Cyclist Dress Code
By Sam Squiers
Style, they say, isn’t something you learn, it’s something you’re born with.
Yet from a young age we learn certain ‘rules’ of thumb for fashion. Pink and red clash, blue and green must never be seen, don’t wear your socks with sandals. And just when I thought I had these rules down pat – I start a sport that has more no no’s than a chocolate fondue fountain at a weight watchers meeting.
Like a secret society, cycling has its own dress code, and much of it isn’t as straight forward as you might suspect. So to help you along here are a few of the unwritten rules to help you glide smoothly into the pack.
How good do the Team Sky and BMC kits look? Right? Sure on them, not on just anyone. This unwritten rule was drilled into me early that unless you’ve ridden for one of the pro teams in Europe, don’t be wearing their kit out on the road.
This was clause 1 of the cycling code and it is slightly ironic that the pros are the benchmark for trends in cycling fashion with teams and bike shops alike pushing the sale of their kits for a sizeable profit, yet it’s not socially acceptable to wear their kits out on the road. But if you want to do so, (I say go for it!) just make sure you don’t mix the pro team kits up ie. GreenEdge shirt with BMC shorts and Team Sky socks etc, the line is drawn there.
Matching cycling club kits, however, are acceptable. Makes sense? Fashion never does.
While on kits too, if you’re road cycling apparently they have to have sleeves. Short sleeves are left to the triathletes and even then it’s only when they’re racing. I thought more skin would be in, there are few other sports where it’s taboo to wear less clothing…but not cycling.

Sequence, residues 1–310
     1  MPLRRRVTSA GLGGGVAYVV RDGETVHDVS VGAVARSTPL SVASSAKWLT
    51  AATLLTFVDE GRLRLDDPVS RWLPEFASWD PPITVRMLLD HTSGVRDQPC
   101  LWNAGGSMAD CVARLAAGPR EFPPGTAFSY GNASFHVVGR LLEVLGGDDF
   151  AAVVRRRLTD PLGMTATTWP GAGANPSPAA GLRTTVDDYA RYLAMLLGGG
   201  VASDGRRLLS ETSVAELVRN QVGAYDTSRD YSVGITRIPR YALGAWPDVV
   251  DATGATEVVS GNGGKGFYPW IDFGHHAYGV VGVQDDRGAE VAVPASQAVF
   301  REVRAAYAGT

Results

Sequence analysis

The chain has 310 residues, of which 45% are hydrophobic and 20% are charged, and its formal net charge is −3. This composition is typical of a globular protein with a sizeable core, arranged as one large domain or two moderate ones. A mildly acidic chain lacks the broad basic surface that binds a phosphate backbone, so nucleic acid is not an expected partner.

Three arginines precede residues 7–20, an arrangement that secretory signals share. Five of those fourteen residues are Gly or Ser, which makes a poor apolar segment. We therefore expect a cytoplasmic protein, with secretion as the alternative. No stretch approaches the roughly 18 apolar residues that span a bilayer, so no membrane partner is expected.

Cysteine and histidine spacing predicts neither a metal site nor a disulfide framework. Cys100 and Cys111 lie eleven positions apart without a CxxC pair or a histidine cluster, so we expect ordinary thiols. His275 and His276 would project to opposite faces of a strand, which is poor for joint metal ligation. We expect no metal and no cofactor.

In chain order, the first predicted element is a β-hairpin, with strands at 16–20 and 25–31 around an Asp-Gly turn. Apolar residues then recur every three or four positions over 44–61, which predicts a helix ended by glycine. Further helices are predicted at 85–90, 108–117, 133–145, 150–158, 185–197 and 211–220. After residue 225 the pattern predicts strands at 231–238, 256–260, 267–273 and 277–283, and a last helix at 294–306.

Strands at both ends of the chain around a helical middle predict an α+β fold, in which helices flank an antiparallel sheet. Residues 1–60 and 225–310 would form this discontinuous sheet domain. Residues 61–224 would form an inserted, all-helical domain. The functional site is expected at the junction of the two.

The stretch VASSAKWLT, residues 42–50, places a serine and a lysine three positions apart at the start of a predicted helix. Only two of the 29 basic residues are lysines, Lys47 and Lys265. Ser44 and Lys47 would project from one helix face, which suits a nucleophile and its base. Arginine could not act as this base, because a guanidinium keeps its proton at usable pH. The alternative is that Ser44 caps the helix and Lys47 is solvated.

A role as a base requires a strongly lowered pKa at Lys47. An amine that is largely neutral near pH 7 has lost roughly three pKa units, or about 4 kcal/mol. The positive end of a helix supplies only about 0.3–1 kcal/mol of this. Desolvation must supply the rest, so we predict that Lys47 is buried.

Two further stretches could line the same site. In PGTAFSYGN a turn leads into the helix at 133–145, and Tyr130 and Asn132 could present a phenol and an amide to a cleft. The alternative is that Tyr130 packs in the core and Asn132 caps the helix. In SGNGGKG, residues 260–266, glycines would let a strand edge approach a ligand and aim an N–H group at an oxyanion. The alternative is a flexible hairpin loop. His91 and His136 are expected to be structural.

Easy solution – stick with the LivGiant kit.
The Long and Short of it (socks)
Short socks seem to be a Sydney thing. Maybe it’s the weather, maybe it’s simply a desire to do the opposite of what Melbournians do, but Sydney socks are shorter than your typical Melbournian cyclist. The short of it is they show off more of the leg and they sure don’t cause as much of an awkward tan line.
Regardless Melbourne riders like theirs long… to the middle of the calf and regardless of which is best both do agree on one thing – ankle socks are a no-go zone.
You can, however, be as creative as you like with the style of sock you wear and there are some pretty wacky ones out there.
Unless you’re wearing an orange stackhat from the 80s you should be pretty sweet on this one. But just make sure you take it off at the café before you order your coffee.
Oh and leave the aerodynamic ones for races, wind resistance isn’t going to hinder your efforts on pack rides.
I Can See Clearly Now (Sunglasses)
Look I’m probably not the best one to comment on this as I’ve taken a stand on this one and still wear my dark Jackie O glasses while riding, much to the embarrassment of my cycling friends and husband.
If you are doing so, there’s another point in the cyclists’ unwritten dress code that says to make sure the arms of the glasses go over the helmet straps. Again it comes from the pros who want to maximise the coverage their brand of sunglasses receives, but is followed here feverishly.
Easy Solution: Luckily Liv/Giant is bringing out their own Oakley sunglasses!
So there you have it, the dress code for cycling. It does seem strict, over the top and pretty unforgiving and for that I say… don’t stick to any of them.
Wear your singlet tops, ankle socks, your unsporty sunglasses and pro team jersey, because at the end of the day riding is all about freedom and fun. Rules are supposed to be broken and, ironically, if we cyclists were always worried about how we look, we wouldn’t be clad head to toe in tight lycra in the first place.